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Lydick Bog

Lydick Bog

The Lydick Bog Nature Preserve was acquired by Shirley Heinze Land Trust in 2015. The property is 176.46 acres and contains approximately 85 acres of upland forest, 65 acres of wetlands including a bog community, and 20 acres of former agricultural land.

The bog portion of the property provides an extremely rare habitat in northern Indiana. It is characterized by a floating mat of vegetation with sphagnum moss hummocks surrounded by a brushy moat area. Several conservative plant species characteristic of acidic bog habitats identified on site include gray bog sedge, round leaved sundew, pitcher plant, winterberry, tamarack, poison sumac, bog willow, and large cranberry. A variety of other rare and desirable native plant species further indicate a high conservation value.

Upland forest surrounds the south and east edges of the wetland areas with relatively steep ridges nearer the bog. The forests are presumably second growth forest with trees of various age classes. Most of the trees are estimated to be more than 20-30 years in age. These forests is dominated by red and silver maple with some oak, hickory, and cherry throughout. A few pin oaks were found near the northern portion of the property.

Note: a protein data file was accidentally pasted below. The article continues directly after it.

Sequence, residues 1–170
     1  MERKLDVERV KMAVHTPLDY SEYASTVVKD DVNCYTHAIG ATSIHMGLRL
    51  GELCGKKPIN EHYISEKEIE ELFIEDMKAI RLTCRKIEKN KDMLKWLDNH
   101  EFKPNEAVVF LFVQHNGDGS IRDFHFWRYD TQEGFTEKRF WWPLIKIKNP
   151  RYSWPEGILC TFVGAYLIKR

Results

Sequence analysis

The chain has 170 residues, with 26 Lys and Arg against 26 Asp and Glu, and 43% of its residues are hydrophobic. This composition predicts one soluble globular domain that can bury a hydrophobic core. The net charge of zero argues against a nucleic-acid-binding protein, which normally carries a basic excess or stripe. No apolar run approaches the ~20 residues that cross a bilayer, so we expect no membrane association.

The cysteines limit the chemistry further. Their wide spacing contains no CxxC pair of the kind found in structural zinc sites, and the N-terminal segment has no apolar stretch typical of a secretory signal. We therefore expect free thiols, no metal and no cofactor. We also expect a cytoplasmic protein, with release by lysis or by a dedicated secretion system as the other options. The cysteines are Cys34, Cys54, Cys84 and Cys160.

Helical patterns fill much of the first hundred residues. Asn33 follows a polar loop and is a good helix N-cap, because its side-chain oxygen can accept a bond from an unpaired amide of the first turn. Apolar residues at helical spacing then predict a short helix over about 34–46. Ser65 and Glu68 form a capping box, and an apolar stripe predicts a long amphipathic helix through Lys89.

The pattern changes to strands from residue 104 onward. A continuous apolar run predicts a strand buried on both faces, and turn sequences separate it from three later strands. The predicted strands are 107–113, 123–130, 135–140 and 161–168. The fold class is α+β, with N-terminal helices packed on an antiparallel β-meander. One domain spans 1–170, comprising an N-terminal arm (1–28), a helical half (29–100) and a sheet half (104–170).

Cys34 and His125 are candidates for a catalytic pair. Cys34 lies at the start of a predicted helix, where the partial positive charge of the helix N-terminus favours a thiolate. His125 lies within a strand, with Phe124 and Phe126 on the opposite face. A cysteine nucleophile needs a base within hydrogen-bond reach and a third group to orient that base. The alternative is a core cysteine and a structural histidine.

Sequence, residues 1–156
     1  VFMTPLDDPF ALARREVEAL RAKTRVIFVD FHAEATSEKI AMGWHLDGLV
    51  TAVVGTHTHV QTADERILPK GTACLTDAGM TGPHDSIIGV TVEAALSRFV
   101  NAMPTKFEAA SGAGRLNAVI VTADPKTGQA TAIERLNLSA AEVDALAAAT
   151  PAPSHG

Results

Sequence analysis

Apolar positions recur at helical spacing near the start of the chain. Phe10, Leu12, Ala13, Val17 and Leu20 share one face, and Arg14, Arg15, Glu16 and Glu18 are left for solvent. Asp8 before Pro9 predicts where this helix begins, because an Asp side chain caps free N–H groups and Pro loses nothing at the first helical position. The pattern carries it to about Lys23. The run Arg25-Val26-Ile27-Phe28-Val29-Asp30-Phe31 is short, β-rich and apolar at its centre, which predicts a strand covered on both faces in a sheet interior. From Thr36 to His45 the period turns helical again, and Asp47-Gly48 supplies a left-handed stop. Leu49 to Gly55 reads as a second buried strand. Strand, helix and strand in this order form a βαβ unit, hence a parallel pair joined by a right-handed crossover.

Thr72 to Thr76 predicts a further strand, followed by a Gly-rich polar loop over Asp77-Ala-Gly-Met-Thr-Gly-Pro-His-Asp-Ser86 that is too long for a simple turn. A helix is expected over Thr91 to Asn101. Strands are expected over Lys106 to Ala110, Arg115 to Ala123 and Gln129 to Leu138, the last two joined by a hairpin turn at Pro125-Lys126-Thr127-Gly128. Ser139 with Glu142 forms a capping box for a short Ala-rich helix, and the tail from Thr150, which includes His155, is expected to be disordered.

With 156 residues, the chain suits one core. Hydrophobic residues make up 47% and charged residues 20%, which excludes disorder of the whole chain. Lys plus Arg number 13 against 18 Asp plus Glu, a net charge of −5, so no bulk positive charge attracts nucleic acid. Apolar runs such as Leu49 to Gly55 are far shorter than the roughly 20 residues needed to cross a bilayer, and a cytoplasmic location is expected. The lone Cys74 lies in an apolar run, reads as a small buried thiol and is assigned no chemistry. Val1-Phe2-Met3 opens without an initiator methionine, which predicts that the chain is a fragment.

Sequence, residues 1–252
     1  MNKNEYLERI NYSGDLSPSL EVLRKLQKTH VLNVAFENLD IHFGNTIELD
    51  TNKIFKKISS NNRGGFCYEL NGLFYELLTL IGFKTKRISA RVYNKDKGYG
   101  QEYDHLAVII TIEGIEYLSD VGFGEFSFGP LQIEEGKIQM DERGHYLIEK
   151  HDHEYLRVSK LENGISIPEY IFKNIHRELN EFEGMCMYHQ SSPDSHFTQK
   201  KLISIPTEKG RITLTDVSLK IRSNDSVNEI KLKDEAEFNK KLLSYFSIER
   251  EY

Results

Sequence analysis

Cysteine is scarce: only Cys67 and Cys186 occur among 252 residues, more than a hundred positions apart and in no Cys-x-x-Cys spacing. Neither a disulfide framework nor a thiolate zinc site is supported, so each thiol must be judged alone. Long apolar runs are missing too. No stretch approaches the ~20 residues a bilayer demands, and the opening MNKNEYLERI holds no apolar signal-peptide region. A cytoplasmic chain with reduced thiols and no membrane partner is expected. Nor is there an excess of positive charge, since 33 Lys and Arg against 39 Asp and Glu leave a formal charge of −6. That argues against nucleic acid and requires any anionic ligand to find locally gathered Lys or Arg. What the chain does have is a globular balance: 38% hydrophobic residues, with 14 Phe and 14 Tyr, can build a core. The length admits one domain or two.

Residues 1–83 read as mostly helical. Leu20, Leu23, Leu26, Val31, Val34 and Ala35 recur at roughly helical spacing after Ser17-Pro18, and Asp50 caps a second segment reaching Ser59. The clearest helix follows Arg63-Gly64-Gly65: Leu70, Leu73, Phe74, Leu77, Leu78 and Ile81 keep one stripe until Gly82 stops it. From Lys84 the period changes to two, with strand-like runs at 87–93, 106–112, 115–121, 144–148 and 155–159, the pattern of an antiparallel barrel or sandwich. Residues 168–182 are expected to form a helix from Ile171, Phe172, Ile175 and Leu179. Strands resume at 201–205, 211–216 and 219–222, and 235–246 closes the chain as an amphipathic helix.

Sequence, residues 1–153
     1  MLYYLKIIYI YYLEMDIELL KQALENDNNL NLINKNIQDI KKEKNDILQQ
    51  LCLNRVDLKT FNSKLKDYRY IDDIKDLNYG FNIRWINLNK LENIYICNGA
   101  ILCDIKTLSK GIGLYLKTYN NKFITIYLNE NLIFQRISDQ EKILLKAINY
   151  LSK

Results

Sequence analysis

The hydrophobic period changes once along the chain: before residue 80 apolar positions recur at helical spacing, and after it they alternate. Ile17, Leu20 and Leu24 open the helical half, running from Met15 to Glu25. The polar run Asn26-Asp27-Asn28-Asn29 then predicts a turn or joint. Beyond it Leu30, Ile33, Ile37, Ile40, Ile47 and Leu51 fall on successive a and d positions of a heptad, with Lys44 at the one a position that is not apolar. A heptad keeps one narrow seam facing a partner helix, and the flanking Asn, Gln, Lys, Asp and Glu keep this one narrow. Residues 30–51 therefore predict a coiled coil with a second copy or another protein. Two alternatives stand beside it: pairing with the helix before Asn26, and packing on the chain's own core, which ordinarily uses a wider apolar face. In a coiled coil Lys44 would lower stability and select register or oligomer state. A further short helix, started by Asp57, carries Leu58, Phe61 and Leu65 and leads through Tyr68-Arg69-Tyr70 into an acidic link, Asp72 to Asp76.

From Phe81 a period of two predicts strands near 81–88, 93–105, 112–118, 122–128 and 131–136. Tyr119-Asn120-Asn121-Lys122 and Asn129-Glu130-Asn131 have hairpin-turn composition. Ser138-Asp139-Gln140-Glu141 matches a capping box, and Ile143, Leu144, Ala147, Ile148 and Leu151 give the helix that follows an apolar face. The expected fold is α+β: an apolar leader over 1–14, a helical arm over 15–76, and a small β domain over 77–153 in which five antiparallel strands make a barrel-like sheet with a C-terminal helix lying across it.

Perfect Lake

Perfect Lake Natire Preserve

The Perfect Lake Nature Preserve contains 84 acres located in Steuben County near Fish Creek. The majority of the property occupies a prominent esker (a long narrow steep-sided gravel ridge) which offers great vistas over the lake. The upland forest is a relatively young pioneer to early successional mesic forest. About 25% of the property consists of Perfect Lake and adjoining wetlands. Perfect Lake is an undeveloped, mesotrophic lake with a marl bottom and healthy aquatic communities, marsh areas and wetlands including a significant portion of high quality fen/sedge meadow/marl flat.

This site has been protected for 50 years with the help of U.S. Federal Judge William Lee. The dedication of this site as a nature preserve ensures that Perfect Lake will be protected in perpetuity. Judge Lee was awarded the Izaak Walton League of America National Conservation Award in 1972 for his work in conservation.

It is owned and under the administration of the ACRES Land Trust.